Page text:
There it is, the oldest and most beat-up copy I own of the book that got me spanked when I was eight.
Having until then been gorging on a SF/fantasy diet mostly split among Andre Norton, Alan Nourse, E. Nesbit and the Mushroom Planet books, suddenly I stumbled across this Heinlein person in the local library. And not through the juveniles, either: they came later. (And for me the dream screenwriting job would be adapting Have Spacesuit, Will Travel… especially now that George Lucas has kindly done all the heavy lifting as regards getting audiences used to star-spanning Empires.)
I read Starship Troopers in one crazed Saturday afternoon and came home with my head spinning from deep immersion in futuristic militaria: then unwisely started babbling to my father (whose birthday, interestingly, also was July 7th) that “all wars were caused by population pressure.” Heaven only knows what he made of such a sentiment coming out of my mouth at that point. What probably concerned him more, though, was that when he said “No they aren’t”, I said, “Yes they are, ” several times — because there was something about Heinlein’s discussion of the topic that seemed right to me at the time: right enough to risk contradicting my father.
It was the first argument about anything that I recall ever having had with anyone. Well, I guess the result was predictable: I got spanked for being disrespectful. The joke — or at least the first irony associated with this incident — is that my Dad went to his grave thinking he’d won that argument simply because I thereafter stopped discussing such things with him. But the circle closed when beyond all possible / reasonable expectation I met Heinlein himself, many years later, and over the course of the numerous conversations that followed I remembered the incident and told him about it. He snorted (don’t know how otherwise to describe the sound. He also did the best imitation of Bill the Cat having a hairball that anyone could imagine), and then burst out laughing. “Kind of a robust critique,” he said.
Dry understatement and humor, coupled with a fondness for amiable teasing and great courtesy of a slightly old-fashioned kind (he was the only human being ever to call me, repeatedly, “honey chile” and get away with it): that was what his conversational style was like whenever we spoke. Some time after The Door into Fire came out and he read it, he wrote me a fan letter (which I take out and look at occasionally when feeling down); and once we’d physically met — courtesy of a truly low-down and evil practical joke on the part of David Gerrold (which I’d frankly brought on myself by a joke I played on him) — Heinlein kindly gave me his home phone number and said to call when I needed writing advice.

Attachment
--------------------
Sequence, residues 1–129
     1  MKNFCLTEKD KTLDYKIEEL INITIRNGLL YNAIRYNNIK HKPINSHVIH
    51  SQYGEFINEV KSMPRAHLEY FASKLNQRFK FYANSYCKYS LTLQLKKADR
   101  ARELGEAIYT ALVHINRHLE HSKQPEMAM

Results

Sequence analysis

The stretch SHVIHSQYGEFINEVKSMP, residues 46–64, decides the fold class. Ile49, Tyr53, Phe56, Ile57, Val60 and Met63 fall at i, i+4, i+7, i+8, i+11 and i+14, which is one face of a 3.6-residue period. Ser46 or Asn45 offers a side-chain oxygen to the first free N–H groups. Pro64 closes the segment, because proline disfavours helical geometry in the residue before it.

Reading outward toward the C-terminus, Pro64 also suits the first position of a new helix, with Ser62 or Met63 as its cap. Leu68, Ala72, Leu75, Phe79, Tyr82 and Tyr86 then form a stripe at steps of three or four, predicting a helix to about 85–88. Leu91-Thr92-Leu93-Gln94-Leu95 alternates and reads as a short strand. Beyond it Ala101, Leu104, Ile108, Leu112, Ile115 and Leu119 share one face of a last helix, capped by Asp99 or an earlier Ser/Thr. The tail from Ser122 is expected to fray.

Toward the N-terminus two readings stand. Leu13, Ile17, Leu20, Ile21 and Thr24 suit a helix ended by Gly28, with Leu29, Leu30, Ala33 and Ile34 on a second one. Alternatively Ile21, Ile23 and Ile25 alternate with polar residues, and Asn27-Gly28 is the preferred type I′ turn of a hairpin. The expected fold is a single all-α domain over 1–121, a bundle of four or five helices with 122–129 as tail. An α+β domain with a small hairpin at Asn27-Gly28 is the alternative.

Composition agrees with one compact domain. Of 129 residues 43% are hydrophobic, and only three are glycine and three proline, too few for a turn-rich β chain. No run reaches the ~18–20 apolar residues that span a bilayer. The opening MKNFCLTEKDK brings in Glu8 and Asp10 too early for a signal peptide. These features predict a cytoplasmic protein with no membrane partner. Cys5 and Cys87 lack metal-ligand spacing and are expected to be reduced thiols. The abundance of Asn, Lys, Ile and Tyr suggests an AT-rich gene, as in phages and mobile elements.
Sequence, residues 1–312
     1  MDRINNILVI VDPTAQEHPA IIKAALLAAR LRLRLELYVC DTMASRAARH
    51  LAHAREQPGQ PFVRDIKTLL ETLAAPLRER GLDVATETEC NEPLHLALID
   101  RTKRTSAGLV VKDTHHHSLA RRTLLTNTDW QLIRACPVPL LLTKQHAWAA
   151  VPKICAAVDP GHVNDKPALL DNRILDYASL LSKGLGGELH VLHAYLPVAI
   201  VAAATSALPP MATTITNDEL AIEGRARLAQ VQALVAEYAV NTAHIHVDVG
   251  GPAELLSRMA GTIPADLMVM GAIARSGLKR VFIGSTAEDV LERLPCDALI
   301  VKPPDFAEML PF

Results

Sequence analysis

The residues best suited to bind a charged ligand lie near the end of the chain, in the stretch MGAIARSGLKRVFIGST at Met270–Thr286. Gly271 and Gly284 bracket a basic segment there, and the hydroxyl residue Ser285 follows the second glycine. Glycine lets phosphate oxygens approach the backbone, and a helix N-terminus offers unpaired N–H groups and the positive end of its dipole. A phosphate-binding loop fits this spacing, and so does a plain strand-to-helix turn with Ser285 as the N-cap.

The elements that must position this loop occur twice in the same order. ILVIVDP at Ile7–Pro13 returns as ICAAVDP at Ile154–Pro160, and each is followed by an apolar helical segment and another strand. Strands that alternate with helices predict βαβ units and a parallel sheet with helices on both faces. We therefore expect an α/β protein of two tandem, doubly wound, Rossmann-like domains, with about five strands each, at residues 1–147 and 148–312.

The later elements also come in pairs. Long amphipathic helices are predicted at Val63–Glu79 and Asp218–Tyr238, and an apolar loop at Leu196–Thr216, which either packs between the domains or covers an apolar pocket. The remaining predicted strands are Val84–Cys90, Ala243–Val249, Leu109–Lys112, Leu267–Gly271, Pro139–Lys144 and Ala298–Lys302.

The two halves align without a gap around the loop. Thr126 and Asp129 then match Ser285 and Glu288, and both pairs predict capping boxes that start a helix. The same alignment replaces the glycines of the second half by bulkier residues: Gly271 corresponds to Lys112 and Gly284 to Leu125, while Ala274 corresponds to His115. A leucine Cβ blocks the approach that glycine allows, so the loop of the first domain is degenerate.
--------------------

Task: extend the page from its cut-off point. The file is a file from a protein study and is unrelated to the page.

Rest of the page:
This wasn’t a privilege I abused, and usually we wound up talking about anything but writing. This was when the Bill the Cat imitations were likely to occur. Or sometimes advice was needed: I consulted with him, for example, on the exact circumstances in which an officer outside the normal chain of command might be left in command of a Naval vessel, and the results of that discussion were used to stick poor Dr. McCoy into the Enterprise bridge’s center seat in Doctor’s Orders. (“You’ve built this whole damn book around that joke, haven’t you?” he said. Realizing I had no chance whatever of blathering this man into believing some other force than a play on words had been at work, I admitted that this was true. Another snort, more laughter. Heinlein respected Star Trek, and when we were discussing what I was working on, I got the sense that to him what we would now describe as a “tie-in” or licensed work was no less worthy than an original, as long as you did the work as well and honestly as you could. More than once over a number of phone calls he came back to that theme, so that it became a kind of mantra: “Joe’s beer money,” your readers’ disposable income that they hand over to you in exchange for entertainment, is sacred: to provide honest entertainment is no cause for shame — let the lit’rature fall where it may. )
I don’t know if anyone else around the Web does anything in particular about Heinlein’s birthday. God knows there are enough people to discuss his fiction, pro and con, sometimes (on either side) violently so. I’m not going anywhere in that direction except to say that all Heinlein’s work, the juvenile SF and adult SF alike, has been and continues to be a profound influence on me: and it was a pleasure to be able to tell him so. Dairine in the Young Wizards books, in particular, owes a lot to Poddy’s bratty little brother Clark in Podkayne of Mars (and Robert knew it, and was pleased: he liked Dairine. And Ed. “We Navy men don’t like sharks,” he said. “You made me like that shark. That was a dirty trick.” He said it with considerable relish, as if admiring the sleight-of-word that had sneakily corrupted his allegiances. Praise of that kind, from the acknowledged master to the journeyman, is the kind of thing you treasure.)
All a long time ago now, of course. I really miss not being able to call him any more. …But tonight at the local I’ll be raising a glass in his memory. And my Dad’s, of course. It’s kind of a pity they never met. They would have been very polite to each other… but the fireworks would have been fun to watch.